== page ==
The early '90s were a special time for anybody who cared about going fast. The shackles once placed upon the auto industry were letting go, which meant that all of a sudden 1993 had a whole lot more going for it than flannel shirts and America Online trial CDs. By the mid-1990s, the American auto landscape was riddled with all sorts of Japanese performers. No high school boy's bedroom wall poster ensemble was complete without Toyota's Supra, Acura's NSX, Nissan's 300ZX, Mitsubishi's 3000GT VR-4 and, despite it having one of the shortest production runs of the bunch, Mazda's third-generation Mazda RX-7.
The RX-7's turbocharged rotary engine demanded respect while also causing fear. The car's lines, however, while two decades later, hid its age well. Such is obvious for Scott Sengpiel, who's admired the factory-turbocharged chassis since its creation but has since gone on to replace its temperamental Wankel engine with eight cylinders worth of American intensity. "The car doesn't look 21 years old, and I love that," he says. "People come up to me all the time, asking what it is, and when I [tell them] what year it is, they're shocked."
Mazda's third-time RX-7 may be old enough to buy beer, but its near-perfect balance and affinity for grip don't care about its age. The engine, however, can wane fast and hard. At just 85,000 miles, Sengpiel's was on its fourth, which is why the swap was planned even before settling on a particular car. "I've always wanted to do a V8, and this was the perfect chassis for it," he says. "I bought the car intending on putting the LS in there because of its potential, its reliability, and its [ability to make] big power at a low cost."
The party starts with the 5.7-liter small-block sourced from 1998-2002 versions of Chevrolet's Camaro SS. Sengpiel, whose background is arguably more Mitsubishi than Mazda, ditched the car's turbocharged heritage early on and instead relegated the LS1 to naturally aspirated status. Here, the cylinder heads have been modified by Racing Head Service and feature oversized valves and Comp Cams valvetrain that are orchestrated by one of the company's street cams stuffed inside the block. The rest of the all-aluminum V8's internals remains mostly stock, while outside the intake and exhaust tracts have been updated with higher-flowing pieces. The result: 451hp and 421 lb-ft of torque.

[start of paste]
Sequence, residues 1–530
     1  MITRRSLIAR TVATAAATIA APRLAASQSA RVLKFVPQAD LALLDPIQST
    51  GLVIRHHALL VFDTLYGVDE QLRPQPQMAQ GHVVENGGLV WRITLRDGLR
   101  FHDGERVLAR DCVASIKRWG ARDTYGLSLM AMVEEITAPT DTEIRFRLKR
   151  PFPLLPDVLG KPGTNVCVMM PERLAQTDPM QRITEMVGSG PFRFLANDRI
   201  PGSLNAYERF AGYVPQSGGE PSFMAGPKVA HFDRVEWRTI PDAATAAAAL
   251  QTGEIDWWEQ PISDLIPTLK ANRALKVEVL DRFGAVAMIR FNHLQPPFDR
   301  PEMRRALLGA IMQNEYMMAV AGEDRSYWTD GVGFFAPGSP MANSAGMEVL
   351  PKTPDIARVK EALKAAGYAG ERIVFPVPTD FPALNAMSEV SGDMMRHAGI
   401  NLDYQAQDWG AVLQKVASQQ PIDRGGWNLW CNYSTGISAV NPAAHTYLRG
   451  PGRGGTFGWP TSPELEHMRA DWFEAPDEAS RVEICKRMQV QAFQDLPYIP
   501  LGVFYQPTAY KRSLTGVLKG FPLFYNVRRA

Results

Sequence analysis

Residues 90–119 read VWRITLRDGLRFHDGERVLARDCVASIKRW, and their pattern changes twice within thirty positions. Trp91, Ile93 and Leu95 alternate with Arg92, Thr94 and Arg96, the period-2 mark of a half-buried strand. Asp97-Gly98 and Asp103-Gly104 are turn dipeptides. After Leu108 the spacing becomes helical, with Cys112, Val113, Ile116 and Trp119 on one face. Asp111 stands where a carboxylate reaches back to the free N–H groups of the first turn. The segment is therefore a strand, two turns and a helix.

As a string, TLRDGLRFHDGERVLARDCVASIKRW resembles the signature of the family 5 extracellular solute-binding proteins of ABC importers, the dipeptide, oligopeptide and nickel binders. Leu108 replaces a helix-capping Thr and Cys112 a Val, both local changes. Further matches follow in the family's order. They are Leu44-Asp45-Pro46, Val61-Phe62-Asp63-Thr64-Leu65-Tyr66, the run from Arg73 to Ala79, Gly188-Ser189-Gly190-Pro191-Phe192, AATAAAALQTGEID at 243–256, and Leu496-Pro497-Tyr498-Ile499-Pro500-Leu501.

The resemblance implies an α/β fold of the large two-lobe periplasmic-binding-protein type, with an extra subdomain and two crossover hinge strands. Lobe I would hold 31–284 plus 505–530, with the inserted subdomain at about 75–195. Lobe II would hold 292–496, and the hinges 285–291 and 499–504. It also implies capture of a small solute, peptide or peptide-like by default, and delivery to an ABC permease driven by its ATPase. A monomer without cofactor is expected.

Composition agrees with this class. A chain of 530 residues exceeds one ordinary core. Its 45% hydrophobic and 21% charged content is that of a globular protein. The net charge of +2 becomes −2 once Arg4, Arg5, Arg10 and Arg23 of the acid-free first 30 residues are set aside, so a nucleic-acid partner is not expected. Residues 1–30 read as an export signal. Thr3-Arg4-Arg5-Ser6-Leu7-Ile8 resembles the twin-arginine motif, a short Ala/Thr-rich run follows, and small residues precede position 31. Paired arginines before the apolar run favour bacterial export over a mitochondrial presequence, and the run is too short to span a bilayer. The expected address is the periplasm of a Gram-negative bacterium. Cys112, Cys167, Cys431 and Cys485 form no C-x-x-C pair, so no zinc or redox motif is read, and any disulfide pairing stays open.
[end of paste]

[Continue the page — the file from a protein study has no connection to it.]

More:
Consider Sengpiel's affinity for the racetrack and the eight pistons underneath the hood and it's easy to dismiss any sentiments he may have toward an RX-7 that looks as good as it is quick. Your dismissal would be wrong, though, and that's mostly because of the Rocket Bunny aero package that made its RX-7 debut on his chassis but also because of the car's remarkably tidy engine space. "I built the car to be a really fun street car, race it in an HPDE [high-performance driving event], and then drive it home," Sengpiel says after explaining why he put so much effort into how the car looks. "I take a lot of my inspiration from the pro touring guys who are building really clean, old cars," he says. "But before I do anything on the car, I come up with a plan on how I want it to function and then how I want it to look."
Bad things rarely happen when you allow form to follow function. Up front, the detailed wiring harness and thorough ensemble of AN plumbing don't just look nice, they allow the engine to be pulled and set aside in less than two hours, which is a good thing for Sengpiel, who does most of the work himself. He did, however, leave the bodywork to the professionals and the wiring to Jordan Innovations. "Wiring has always been a trouble area for me," he admits, "so I decided to hand it off to Jeff Jordan." Everything else underneath the hood is all Sengpiel, though; he's even building an entirely new engine to replace the LS1 on his own, this time an LSX that he says will be good for about 600whp.
What Sengpiel wants out of his RX-7 isn't all that different than what the original buyers of the 1990s were looking for: a purpose-built performer that can be abused whenever and wherever he pleases. A dedicated track car this isn't and, despite the aero package and attention to detail, a fancy-pants showpiece, it most certainly is not. To that end, Sengpiel simply says, "I really want people to know that this car was built with the intention of being a street car that is raced. It doesn't sit in the garage only to come out for parking lot shows." All of that is entirely okay and, if you ask the 1990s, its ensemble of Japanese sports car heritage is better for it.